How accurate do you need to get?
Pointless measurement? Not if you're trying to lose weight.

See link above. Heart rate is a dependent variable that is affected by hydration level, mood, stress, and a bunch of stuff that is not directly related to training. I'm not dissing training by HR. I still wear a chest strap when I train indoors to check my hydration and cooling strategy.
I have no idea what GME is. It's likely another pointless measure like VO2 max that has no real effect on fitness or weight loss. I'm talking standard basal metabolic rate. Your resting metabolic rate is the only time calories actually matters. And that indirectly effects how many calories one needs to burn during a workout. I could care less how accurate calorie counters are and most are not accurate at all. Did you even read the article? All it does is give you the methods in which various fitness devices count calories without actually showing proof they match up with any one individual's actual biology. Again, it is absolutely pointless to count calories whether during a workout or when you are looking at the nutrition label of the foods you eat. The point is CALORIES matter very very little.

Heart rate and getting to your target heart rate is a much better indicator of the quality of your workout. Reaching target heart rate is the only time you get to any level of energy expenditure that will allow your body to burn fat. You can walk 20 miles and burn however many calories....guess what....you won't lose any significant weight. Now go through a well designed sprint workout where you get to your target heart rate, along with the proper warm up and cool down, I guarantee you the weight will melt off. Those factors do indeed effect a person's heart rate, but that's why you create a baseline for each individual before the beginning of a workout. Unlike those fitness devices, your target heart rate is adjusted to your baseline HR.

You are revealing some ignorance here.

Highly accurate means to measure metabolic rate do exist. Look up the "doubly labeled water" technique.

Calories do matter - a lot. The problem is that it is difficult to get a good handle on the in vs. out balance.

Heart rate, minute ventilation, body temperature, etc. change in response to the body's metabolic rate but are not a direct measurement of the the energy used.

Direct force power measurement measures work / energy output. Power based training is superior in measuring intensity and workload and has superceded heart rate zone based training. HRMs are still around because they are inexpensive and do provide some ballpark indication of your physical state. I mostly ignore mine.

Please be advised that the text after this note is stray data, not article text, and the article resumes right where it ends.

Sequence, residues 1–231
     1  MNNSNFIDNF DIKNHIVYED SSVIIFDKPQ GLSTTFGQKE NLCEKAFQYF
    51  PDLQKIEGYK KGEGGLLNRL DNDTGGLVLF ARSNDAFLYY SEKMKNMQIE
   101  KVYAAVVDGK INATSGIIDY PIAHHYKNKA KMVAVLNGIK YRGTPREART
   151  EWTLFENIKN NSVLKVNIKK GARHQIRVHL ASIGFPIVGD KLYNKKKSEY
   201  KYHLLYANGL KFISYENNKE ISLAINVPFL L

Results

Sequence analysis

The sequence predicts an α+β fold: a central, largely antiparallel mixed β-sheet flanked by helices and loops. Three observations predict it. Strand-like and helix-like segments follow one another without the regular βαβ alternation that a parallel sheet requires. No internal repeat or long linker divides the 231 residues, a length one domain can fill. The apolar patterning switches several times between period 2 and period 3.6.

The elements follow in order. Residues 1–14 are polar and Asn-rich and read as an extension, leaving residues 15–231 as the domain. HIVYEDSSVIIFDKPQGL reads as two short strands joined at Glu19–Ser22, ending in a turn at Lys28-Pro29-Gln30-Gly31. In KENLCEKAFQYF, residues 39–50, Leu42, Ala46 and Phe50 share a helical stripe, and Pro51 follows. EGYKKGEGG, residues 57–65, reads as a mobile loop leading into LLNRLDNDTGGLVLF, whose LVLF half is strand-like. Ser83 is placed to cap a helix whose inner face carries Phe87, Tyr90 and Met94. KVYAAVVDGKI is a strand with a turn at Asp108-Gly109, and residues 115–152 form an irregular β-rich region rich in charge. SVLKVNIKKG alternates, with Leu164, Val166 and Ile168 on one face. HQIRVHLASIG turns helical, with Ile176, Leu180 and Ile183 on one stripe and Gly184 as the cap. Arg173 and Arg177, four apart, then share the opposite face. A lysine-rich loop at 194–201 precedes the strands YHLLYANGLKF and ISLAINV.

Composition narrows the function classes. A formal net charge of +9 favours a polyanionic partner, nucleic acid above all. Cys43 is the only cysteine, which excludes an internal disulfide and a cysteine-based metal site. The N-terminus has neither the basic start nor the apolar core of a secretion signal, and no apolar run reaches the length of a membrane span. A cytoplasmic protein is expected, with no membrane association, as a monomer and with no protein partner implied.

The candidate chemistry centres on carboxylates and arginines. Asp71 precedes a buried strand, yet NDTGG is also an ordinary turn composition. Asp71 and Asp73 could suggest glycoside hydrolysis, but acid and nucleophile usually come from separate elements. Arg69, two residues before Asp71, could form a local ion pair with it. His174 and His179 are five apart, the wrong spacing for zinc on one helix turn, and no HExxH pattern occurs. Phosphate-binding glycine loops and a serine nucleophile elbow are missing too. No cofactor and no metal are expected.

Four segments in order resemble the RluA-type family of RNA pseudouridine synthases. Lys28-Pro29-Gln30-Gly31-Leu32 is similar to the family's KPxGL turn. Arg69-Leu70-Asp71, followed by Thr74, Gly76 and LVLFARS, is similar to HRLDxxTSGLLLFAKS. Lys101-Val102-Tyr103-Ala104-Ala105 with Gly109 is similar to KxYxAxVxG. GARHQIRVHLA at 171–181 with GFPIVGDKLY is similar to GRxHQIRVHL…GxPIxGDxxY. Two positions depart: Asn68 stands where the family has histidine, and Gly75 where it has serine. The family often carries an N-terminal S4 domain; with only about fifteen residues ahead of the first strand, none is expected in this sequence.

Define quality of your workout. To me, a quality workout is one in which I reached my desired intensities and durations. Here are some sample workouts, compare methods to judge quality:

1. Standing start sprints, short duration
1. Power meter: Aim for peak power generation
2. Cycle computer, stopwatch: Peak speed or time to distance
3. HRM: pretty useless, heart rate will peak after the interval is complete. How do I judge one interval to another?
2. Hill climb
1. Power meter: aim for high average power output
2. Cycle computer, stopwatch: fastest time
3. HRM: look to be in target zone - but that will not tell me how quickly I ascended, how do I compare this effort to previous attempts
I find HRM most useful as a gauge to see if I can sustain a given intensity for a long duration. If my HR does not stabilize or starts to climb during a steady effort, that is a good indication that I may not be able to hold it for as long as I would like. Still, the power meter tells me how hard the effort actually is. Over several days of training, the power I can produce at a steady HR generally drops.

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dkrenik
Well said Maydog.

Eerook, how can you state that you've no idea what something is and then call it "pointless"? Hmmm.

Well said Maydog.

Eerook, how can you state that you've no idea what something is and then call it "pointless"? Hmmm.
Uh wut? Did you read the post? His post pretty much backs everything I said. I said it was probably pointless because no legitimate trainer I've ever talked to uses that measure in any significant way. Cliff notes since you didn't understand. Calories are difficult to measure, therefore useless.

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You are revealing some ignorance here.

Highly accurate means to measure metabolic rate do exist. Look up the "doubly labeled water" technique.

Calories do matter - a lot. The problem is that it is difficult to get a good handle on the in vs. out balance.

Heart rate, minute ventilation, body temperature, etc. change in response to the body's metabolic rate but are not a direct measurement of the the energy used.